Knowledge and utilisation of family planning services among tertiary students in Northern Ghana: The case of College of Nursing and Midwifery, Nalerigu

Zaratu S. Sulemana, Sinalo Gqunu, Francis D.N. Abobo, Hilda A. Halm, Nat Obour-Awuku, Ransford O. Kumi, Bright Y. Amoore, Richard K.D. Ephraim, Evans Duah, Clement Agoni

Abstract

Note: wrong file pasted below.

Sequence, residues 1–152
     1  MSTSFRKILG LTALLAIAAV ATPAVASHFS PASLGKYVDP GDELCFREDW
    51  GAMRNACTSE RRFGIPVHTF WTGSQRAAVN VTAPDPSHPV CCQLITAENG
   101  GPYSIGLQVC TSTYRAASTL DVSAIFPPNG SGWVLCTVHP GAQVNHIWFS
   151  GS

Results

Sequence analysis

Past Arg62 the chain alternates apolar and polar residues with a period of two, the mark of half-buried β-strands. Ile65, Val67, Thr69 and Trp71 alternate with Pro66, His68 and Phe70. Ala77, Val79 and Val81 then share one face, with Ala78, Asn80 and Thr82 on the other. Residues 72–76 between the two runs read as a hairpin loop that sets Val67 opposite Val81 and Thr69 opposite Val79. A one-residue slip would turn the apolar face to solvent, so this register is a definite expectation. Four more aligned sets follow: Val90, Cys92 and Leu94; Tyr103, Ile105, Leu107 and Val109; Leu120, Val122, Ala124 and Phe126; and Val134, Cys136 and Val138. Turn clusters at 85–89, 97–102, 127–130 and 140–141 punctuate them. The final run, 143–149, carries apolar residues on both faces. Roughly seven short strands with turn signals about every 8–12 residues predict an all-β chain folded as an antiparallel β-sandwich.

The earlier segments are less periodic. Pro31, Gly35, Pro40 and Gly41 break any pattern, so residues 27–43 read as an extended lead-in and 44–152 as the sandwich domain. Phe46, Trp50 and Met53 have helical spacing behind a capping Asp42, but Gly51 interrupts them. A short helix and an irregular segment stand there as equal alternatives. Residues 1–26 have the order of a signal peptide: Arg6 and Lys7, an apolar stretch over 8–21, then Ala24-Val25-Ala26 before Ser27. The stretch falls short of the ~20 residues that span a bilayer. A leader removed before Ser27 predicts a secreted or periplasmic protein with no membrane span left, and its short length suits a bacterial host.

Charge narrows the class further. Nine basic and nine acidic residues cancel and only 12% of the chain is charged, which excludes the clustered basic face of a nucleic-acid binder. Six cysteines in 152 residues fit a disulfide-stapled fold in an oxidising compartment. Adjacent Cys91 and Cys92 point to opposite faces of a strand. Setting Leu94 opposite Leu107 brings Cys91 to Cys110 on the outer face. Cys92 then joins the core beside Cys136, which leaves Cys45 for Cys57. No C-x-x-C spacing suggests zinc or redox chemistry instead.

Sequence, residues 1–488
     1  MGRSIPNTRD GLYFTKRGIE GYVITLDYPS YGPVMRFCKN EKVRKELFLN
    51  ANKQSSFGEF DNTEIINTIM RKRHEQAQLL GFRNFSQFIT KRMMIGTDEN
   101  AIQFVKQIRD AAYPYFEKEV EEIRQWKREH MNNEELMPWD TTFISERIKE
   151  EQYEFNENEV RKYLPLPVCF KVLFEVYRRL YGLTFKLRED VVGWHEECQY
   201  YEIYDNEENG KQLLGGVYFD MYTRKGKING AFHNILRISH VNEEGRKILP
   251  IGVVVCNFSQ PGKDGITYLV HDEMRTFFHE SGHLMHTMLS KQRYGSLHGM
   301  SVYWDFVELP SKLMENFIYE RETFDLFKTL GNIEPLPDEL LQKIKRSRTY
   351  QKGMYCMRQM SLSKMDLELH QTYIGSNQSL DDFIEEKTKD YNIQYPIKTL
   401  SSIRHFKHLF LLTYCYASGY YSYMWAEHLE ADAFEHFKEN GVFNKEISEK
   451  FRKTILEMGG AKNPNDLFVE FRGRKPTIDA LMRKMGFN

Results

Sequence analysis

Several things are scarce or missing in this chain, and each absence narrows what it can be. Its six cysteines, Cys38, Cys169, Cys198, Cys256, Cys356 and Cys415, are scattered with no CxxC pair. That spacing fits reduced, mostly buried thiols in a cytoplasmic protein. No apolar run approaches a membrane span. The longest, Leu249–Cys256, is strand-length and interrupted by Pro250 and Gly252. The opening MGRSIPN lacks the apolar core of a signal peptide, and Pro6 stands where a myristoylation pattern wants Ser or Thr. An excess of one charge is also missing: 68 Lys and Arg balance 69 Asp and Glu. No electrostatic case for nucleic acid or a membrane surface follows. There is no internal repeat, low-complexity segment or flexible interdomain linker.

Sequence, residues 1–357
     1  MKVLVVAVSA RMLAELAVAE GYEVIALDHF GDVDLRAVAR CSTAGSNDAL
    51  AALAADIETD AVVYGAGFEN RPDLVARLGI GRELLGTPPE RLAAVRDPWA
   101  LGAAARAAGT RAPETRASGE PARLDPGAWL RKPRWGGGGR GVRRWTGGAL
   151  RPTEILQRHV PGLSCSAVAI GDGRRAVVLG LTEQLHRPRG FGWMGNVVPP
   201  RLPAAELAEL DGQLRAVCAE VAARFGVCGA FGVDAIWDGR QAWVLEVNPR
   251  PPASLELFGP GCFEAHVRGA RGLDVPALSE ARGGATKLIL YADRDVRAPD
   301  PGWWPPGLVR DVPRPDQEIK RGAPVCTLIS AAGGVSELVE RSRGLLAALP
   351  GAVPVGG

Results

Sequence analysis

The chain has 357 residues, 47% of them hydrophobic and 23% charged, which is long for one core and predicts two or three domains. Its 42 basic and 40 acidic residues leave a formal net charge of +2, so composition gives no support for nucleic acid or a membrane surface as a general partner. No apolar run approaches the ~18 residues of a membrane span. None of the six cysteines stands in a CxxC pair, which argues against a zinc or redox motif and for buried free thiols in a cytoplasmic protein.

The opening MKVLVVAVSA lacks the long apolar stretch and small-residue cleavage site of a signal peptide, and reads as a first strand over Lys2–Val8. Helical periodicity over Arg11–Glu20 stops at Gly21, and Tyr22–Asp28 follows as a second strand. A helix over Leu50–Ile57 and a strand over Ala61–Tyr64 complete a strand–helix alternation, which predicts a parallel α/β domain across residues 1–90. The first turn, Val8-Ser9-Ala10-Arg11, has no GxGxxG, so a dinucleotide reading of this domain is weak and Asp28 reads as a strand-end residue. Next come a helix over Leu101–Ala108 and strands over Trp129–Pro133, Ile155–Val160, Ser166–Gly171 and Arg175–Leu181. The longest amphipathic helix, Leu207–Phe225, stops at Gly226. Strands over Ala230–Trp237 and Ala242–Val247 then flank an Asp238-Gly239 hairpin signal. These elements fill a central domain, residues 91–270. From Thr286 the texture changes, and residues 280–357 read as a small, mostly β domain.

Though tertiary students studying health-related programs are assumed knowledgeable about family planning, this does not always translate to increased use of family planning services. In a cross-sectional survey, this study assessed 411 nursing, midwifery and allied health students' knowledge of family planning, contraceptive use, perceptions, and factors affecting the utilisation of family planning services. Each student completed a 24-itemised questionnaire in a Computer-Assisted Personal Interviewing Survey. The data was analysed with Stata /IC version 16. Statistical significance was set at p<0.05. Overall knowledge of family planning was 99.7%, commonly gained in school (51.8%), followed by clinics and hospitals (41.4%). Only 21.7% of the students used family planning services. Menstrual cramps (57.9%), infertility (33.1%), and weight gain (32.5%) were the commonly perceived side effects of contraceptive use. The high proximity of participants to family planning service providers and lack of community, family, and partner acceptance of modern contraceptives were associated with underutilisation. Despite the high level of knowledge of family planning, the student's utilisation of family planning services was poor. To boost family planning service uptake among tertiary health students, it is essential to tackle barriers related to community, family, and partner acceptance. This can be achieved through educational programs that involve men in family planning discussions and by enhancing service accessibility. (Afr J Reprod Health 2024; 28 [5]: 55-66).

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